Senior Awards: Oxford Vice-Chancellor bestows prizes at this highlight of the QE year
March 17, 2014
March 17, 2014
More than 100 awards were presented to QE’s high achievers by the Vice-Chancellor of Oxford University at Senior Awards – one of the academic highlights of the School’s calendar.
The ceremony in the School Hall represents an opportunity for the School to reward excellence in boys from Year 10 to the Sixth Form. Professor Andrew Hamilton, Vice-Chancellor at Oxford since 2009, was the guest of honour, while the VIP party also included the Deputy Mayor of Barnet, Councillor Bridget Perry.
The evening featured musical interludes from some of the School’s leading musicians, with pieces by composers including Puccini, Mendelssohn and César Franck. The soloists were Thomas Archbold (alto saxophone), Jamie Mui (voice) and Simon Purdy (violin).
Parents were able to enjoy a buffet supper in the Shearly Hall, mingling with the special guests and with teachers.
In his address, Headmaster Neil Enright said: “The boys present here this evening to collect their prizes from Professor Hamilton have found their places in our School community; they are excelling among their very capable and talented peers and this occasion is a wonderful occasion for us to publicly recognise them as examples of outstanding performance.”
Like the prize-winners, Professor Hamilton was a grammar school boy: he attended the Royal Grammar School, Guildford, in the days when it was still in the state sector. Today he is both a distinguished chemist and a greatly respected university administrator on both sides of the Atlantic, having been Provost at Yale from 2004 to 2008. He is only the second vice-chancellor to have been recruited externally in Oxford’s long history.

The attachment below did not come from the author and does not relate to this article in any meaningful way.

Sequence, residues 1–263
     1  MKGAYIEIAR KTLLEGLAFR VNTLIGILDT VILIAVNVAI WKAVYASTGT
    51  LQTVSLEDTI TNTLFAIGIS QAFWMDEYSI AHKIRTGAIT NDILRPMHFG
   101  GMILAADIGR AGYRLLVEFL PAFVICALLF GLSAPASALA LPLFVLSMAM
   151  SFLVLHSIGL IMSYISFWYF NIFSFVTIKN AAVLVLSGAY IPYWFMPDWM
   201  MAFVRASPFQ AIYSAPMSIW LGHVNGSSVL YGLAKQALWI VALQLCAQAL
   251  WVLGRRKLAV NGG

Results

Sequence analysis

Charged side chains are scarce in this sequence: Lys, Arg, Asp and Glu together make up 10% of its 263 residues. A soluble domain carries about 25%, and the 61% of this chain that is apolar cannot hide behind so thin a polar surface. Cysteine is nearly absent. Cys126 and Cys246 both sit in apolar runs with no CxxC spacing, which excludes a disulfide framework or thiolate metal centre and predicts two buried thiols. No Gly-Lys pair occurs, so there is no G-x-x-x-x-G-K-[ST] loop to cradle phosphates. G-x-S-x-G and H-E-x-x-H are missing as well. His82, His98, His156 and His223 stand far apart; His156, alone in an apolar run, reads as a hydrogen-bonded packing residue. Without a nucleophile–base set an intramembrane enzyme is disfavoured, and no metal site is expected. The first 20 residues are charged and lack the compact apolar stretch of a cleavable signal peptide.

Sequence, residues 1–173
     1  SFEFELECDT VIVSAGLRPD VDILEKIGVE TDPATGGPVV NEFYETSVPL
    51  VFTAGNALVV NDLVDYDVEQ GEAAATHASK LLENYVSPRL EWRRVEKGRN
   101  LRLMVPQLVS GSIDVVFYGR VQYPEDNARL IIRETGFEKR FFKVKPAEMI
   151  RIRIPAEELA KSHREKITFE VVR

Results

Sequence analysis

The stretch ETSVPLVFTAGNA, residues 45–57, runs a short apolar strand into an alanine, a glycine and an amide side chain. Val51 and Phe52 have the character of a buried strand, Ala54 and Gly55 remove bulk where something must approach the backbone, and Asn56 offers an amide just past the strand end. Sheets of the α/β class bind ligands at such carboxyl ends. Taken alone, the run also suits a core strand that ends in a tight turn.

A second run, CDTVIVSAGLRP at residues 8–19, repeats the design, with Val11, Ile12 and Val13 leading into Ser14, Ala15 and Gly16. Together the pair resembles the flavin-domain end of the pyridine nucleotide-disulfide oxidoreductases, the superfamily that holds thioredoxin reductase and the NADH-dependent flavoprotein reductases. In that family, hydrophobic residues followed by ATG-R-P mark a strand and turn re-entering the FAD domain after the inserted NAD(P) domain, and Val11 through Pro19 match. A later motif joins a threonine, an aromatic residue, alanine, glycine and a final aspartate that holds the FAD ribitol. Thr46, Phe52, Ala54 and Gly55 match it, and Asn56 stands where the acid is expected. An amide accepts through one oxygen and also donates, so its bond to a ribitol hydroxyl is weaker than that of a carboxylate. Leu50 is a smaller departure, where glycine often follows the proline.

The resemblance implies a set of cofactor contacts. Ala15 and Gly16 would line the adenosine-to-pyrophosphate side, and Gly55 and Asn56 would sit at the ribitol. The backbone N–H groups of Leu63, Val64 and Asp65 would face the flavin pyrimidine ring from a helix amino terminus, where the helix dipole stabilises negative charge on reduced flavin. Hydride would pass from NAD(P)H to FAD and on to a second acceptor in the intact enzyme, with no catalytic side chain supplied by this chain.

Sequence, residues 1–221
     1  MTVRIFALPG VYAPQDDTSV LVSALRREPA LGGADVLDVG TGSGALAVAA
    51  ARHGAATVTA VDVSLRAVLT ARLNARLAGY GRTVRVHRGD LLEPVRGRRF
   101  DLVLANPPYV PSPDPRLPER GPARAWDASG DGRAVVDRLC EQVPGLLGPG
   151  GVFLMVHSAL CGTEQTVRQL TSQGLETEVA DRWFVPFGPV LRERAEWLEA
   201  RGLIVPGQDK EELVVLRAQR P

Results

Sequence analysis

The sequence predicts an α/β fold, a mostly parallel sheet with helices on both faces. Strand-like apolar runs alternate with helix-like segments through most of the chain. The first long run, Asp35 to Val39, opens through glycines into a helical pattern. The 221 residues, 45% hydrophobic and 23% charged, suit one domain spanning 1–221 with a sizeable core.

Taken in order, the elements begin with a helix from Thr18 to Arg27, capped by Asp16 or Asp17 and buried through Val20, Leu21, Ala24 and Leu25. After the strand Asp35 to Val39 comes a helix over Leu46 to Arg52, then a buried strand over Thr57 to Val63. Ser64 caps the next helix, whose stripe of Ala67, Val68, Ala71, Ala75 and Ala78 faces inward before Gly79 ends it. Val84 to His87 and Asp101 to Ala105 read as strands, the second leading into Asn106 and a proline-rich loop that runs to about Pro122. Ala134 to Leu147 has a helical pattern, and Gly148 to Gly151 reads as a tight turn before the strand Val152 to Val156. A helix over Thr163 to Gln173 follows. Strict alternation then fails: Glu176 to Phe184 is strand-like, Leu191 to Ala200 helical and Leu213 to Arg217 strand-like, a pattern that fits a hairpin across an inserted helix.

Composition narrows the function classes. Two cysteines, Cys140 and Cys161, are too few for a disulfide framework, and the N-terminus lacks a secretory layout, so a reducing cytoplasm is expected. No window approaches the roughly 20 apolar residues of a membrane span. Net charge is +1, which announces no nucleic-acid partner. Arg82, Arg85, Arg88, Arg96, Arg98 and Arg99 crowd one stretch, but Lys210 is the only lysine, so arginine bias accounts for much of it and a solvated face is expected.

In his speech, he drew parallels between Oxford and QE: both value uncompromising academic excellence and both are hard to get into – an unavoidable consequence of their being complete meritocracies. Neither is interested in parental income, in where students live or in their religious background. Professor Hamilton said Oxford undertakes extensive outreach work and he pointed out that a majority of undergraduates are from state schools, with 10 per cent coming from homes where the combined income is less than £16,000. For this latter group, generous bursaries are available and fees may be waived.
Professor Hamilton amused the audience of boys, parents, staff and guests by stating that the boys should always argue with their teachers – although purely in academic terms; they should question and challenge received wisdom.
He then praised teachers, pointing out that the impact of an inspirational teacher can last a lifetime. The Professor said he valued their efforts so highly that every year at Oxford, first-year students from state schools were invited to nominate an outstanding teacher who had sparked a passion in them. A small number – perhaps ten or 12 – were then chosen for the University of Oxford Inspirational Teachers Award and invited to a reception in Oxford.
Able boys at QE should not hesitate to apply to Oxford, Professor Hamilton urged. In fact, if they did so and were successful, not only would he be able to meet some of them, but he might also meet some of their teachers, provided of course that they had been nominated for the awards.
The subject prizes awarded reflected the full breadth of the academic curriculum. There were also awards for extra-curricular achievement – such as the prize for debating & public speaking and the Combined Cadet Force Prize – and for contributions to the life of the School, such as those for leadership & involvement and for commitment & service.